— Randall Jarrell
, Poetry and the Age (1953), Context: When I was asked to talk about the Obscurity of the Modern Poet I was delighted, for I have suffered from this obscurity all my life. But then I realized that I was being asked to talk not about the fact that people don’t read poetry, but about the fact that most of them wouldn’t understand it if they did: about the difficulty, not the neglect, of contemporary poetry. And yet it is not just modern poetry, but poetry, that is today obscure. Paradise Lost is what it was; but the ordinary reader no longer makes the mistake of trying to read it — instead he glances at it, weighs it in his hand, shudders, and suddenly, his eyes shining, puts it on his list of the ten dullest books he has ever read, along with Moby-Dick, War and Peace, Faust, and Boswell’s Life of Johnson. But I am doing this ordinary reader an injustice: it was not the Public, nodding over its lunch-pail, but the educated reader, the reader the universities have trained, who a few weeks ago, to the Public’s sympathetic delight, put together this list of the world’s dullest books.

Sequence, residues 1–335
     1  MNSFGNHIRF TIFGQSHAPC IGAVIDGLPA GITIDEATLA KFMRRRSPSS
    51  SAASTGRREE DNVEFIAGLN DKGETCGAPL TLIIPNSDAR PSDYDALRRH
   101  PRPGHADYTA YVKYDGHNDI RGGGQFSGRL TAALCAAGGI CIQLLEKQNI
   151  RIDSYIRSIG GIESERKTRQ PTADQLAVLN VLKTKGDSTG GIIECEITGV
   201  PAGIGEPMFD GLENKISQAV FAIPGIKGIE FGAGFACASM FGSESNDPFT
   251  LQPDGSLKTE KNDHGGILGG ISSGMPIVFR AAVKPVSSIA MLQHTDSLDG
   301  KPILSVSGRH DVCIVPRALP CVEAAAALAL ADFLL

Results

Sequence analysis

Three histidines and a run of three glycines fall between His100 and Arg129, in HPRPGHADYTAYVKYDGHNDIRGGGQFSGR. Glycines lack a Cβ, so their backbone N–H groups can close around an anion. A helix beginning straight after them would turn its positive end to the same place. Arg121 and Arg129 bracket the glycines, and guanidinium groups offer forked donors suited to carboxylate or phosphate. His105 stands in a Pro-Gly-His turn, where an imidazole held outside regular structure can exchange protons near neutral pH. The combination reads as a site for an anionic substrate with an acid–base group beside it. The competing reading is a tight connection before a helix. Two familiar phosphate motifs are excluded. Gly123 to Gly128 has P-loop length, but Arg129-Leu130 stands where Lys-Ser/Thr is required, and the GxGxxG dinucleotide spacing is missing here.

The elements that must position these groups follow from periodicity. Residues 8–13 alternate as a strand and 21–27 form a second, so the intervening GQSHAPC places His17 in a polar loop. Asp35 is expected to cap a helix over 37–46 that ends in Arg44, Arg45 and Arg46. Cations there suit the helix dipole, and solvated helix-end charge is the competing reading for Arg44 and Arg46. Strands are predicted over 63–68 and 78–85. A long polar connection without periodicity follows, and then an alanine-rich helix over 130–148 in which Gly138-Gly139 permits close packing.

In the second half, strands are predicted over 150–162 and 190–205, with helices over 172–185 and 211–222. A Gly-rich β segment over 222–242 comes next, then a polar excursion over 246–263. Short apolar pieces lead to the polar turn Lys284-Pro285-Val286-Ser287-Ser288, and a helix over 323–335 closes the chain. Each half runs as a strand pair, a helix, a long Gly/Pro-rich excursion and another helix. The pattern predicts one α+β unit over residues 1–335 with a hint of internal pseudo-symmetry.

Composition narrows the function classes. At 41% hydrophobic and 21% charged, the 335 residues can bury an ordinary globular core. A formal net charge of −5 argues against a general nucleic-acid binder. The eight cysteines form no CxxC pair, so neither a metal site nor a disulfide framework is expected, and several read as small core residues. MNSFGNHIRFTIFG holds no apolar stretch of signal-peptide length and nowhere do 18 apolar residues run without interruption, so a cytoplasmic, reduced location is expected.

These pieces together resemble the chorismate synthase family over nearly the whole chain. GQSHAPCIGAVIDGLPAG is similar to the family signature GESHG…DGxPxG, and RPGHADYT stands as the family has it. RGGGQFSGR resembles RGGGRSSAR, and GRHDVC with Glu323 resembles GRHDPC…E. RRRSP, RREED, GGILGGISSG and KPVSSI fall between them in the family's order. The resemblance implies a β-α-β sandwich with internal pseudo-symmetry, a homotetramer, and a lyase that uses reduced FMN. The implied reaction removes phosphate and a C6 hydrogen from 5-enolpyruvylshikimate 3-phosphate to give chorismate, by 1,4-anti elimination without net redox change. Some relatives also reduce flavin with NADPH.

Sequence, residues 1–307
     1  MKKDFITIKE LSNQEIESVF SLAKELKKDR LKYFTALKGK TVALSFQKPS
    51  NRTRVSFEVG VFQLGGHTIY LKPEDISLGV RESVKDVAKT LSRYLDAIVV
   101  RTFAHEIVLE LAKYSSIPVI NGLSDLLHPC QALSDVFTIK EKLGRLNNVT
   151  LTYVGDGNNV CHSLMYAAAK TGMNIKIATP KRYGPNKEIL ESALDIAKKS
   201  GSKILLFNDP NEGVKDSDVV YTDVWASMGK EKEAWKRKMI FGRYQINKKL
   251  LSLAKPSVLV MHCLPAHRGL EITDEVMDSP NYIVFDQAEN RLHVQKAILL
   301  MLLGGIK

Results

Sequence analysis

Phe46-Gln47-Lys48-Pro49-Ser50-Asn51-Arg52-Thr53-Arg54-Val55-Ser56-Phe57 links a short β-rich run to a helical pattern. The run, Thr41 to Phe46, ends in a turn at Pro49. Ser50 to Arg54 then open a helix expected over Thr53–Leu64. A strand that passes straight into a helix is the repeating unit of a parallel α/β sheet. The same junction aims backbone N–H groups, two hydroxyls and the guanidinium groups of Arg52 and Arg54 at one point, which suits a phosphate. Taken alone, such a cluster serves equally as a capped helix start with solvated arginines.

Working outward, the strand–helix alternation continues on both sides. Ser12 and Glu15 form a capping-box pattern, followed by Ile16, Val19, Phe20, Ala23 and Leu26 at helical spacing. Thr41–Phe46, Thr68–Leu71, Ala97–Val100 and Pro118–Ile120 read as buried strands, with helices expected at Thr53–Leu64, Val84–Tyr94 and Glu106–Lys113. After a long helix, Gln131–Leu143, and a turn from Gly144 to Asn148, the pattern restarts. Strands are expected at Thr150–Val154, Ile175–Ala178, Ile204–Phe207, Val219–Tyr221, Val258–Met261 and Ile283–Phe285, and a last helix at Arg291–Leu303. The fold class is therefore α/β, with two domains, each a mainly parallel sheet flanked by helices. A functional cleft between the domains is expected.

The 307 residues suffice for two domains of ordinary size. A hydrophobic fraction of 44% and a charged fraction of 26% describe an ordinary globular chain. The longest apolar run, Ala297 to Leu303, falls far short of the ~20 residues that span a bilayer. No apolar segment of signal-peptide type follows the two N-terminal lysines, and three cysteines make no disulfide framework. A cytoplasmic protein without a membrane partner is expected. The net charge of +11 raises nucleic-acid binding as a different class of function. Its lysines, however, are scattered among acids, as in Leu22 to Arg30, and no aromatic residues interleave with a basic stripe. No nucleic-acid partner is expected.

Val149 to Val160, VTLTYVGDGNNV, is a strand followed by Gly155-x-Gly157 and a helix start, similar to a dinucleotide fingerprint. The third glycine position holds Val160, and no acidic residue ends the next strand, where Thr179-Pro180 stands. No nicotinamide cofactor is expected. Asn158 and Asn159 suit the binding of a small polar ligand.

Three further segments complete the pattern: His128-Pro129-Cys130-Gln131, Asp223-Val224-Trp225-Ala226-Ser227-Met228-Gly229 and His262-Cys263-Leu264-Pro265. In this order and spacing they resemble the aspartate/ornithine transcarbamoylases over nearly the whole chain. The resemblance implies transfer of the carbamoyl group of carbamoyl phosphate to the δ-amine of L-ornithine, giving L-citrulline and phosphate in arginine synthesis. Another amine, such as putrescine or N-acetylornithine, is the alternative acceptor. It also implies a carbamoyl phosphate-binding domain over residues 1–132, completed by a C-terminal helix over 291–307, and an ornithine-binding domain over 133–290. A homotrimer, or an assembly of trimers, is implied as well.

Since most people know about the modern poet only that he is obscure—i. e., that he is difficult, i. e., that he is neglected — they naturally make a causal connection between the two meanings of the word, and decide that he is unread because he is difficult. Some of the time this is true: the poet seems difficult because he is not read, because the reader is not accustomed to reading his or any other poetry.
“The Obscurity of the Poet”, p. 3